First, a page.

During the twentieth century, women made significant economic, political, and social advances, but they are far from enjoying gender equality.
As we approach the November elections, there is an important opportunity for thoughtful debate around the strengths of alternative policies that support America's children, working parents, and families.
The Workforce Investment Act and Women’s Progress: Does WIA Funded Training Reinforce Sex Segregation in the Labor Market and the Gender Wage Gap?
The Workforce Investment Act of 1998 (WIA) is the primary basis for federally funded workforce development. One of its stated purposes it to “increase the employment, retention and earnings of participants…”1 While earnings data suggest that both men and women benefit from WIA services, average earnings among women who received WIA services are significantly lower than average earnings for men.
With women making up nearly half of the U.S. work force, and most children living in families with an employed mother, helping families balance work and family demands is an increasingly pressing priority.
DOWNLOAD REPORT At a Briefing for Congressional Staff [...]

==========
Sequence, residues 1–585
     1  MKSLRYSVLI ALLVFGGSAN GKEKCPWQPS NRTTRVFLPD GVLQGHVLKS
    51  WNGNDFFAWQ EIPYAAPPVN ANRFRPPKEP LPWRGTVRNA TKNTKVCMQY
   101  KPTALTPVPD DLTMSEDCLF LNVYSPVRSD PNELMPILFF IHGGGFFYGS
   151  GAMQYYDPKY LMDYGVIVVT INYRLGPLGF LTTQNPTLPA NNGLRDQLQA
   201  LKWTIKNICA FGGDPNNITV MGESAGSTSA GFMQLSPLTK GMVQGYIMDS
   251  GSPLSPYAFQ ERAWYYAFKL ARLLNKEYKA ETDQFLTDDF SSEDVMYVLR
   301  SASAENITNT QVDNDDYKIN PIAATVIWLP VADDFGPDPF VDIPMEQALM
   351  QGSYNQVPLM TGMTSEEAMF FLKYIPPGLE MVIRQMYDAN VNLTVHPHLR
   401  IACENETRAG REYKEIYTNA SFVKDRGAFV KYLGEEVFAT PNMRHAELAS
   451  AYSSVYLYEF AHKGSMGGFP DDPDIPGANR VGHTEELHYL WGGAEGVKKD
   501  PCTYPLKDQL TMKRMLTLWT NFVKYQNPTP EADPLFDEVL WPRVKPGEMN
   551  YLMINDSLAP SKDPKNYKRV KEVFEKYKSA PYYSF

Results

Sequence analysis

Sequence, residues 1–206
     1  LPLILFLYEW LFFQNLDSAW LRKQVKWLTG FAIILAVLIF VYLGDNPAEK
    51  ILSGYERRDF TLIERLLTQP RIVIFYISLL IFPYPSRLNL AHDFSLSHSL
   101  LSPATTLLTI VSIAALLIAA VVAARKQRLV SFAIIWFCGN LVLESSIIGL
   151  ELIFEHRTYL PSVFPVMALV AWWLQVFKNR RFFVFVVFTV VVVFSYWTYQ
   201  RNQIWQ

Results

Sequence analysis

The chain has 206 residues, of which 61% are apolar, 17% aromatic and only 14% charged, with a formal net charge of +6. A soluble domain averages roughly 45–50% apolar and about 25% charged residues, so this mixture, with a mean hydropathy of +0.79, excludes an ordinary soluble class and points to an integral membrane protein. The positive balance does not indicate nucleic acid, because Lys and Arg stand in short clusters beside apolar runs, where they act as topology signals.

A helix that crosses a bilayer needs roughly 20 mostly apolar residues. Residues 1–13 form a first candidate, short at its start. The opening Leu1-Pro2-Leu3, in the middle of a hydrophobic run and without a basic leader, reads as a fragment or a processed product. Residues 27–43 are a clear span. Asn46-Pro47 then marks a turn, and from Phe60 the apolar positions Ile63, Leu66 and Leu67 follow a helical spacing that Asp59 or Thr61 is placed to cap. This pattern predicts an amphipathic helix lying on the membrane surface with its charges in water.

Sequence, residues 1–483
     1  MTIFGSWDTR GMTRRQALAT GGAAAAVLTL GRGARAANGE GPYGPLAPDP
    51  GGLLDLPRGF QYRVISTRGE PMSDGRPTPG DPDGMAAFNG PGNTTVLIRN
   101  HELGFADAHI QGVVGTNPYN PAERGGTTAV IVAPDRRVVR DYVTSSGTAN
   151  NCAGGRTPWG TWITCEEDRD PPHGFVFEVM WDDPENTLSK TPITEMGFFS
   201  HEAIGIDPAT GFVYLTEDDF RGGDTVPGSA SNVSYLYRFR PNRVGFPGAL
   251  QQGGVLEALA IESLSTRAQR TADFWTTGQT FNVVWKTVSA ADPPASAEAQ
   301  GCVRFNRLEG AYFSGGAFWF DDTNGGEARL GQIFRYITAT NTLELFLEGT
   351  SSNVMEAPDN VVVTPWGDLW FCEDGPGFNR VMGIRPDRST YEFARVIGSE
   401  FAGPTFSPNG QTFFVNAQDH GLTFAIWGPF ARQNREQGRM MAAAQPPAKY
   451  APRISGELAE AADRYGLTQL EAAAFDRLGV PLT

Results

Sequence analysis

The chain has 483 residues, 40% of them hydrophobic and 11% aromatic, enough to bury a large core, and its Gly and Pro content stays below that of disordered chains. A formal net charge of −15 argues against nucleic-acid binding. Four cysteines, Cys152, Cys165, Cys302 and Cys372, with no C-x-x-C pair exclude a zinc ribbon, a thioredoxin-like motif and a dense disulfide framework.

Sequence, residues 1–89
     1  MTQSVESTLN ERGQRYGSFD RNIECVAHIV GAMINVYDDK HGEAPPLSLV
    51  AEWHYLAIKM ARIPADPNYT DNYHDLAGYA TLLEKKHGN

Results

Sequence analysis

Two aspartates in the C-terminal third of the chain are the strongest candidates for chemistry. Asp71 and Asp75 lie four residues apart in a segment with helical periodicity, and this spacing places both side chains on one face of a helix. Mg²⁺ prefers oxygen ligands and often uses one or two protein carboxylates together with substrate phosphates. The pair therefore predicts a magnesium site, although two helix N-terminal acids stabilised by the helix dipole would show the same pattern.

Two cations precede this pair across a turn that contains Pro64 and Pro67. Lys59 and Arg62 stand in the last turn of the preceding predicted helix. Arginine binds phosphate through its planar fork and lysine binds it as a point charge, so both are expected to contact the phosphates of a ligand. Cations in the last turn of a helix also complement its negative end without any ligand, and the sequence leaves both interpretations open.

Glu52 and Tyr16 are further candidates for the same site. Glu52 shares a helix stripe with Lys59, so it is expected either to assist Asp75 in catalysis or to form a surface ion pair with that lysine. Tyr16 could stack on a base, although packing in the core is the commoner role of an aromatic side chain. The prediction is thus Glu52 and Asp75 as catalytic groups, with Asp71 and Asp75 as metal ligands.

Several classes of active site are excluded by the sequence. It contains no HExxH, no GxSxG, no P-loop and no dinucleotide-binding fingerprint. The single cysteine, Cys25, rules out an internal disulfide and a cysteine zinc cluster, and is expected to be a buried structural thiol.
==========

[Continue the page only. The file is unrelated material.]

This report is part of a set of The Status of Women in the States reports released in 2004.
Supporting Work: The Relation Between Employment Opportunities and Financial and Other Support Programs
Testimony before the Working Group on Welfare Reform, Family Support and Independence.
Tennessee reflects both the advances and limited progress achieved by women in the United States.
The Status of Women in Northeast Florida: Strengthening the Pipeline for Women’s Advancement to Leadership
Starting in 1996, using data from the U.S. Census Bureau among other data sets, the Institute for Women’s Policy Research launched its Status of Women in the States report series, which looks at numerous metrics that relate to the economic achievement, poverty, physical and mental health, education, work and family, violence and safety, reproductive rights, and political participation of women.
The Institute for Women’s Policy Research (IWPR), together with JPMorgan Chase & Co., are hosting a briefing on Capitol Hill to present findings from IWPR’s comprehensive new report, Women, Automation, and the Future of Work. The report presents the first comprehensive gender analysis of the potential impact of technological change on women and men’s employment in the United States, with an emphasis on the likely effects for women, given the jobs where women predominantly work and the disproportionate share of home and family care done by women.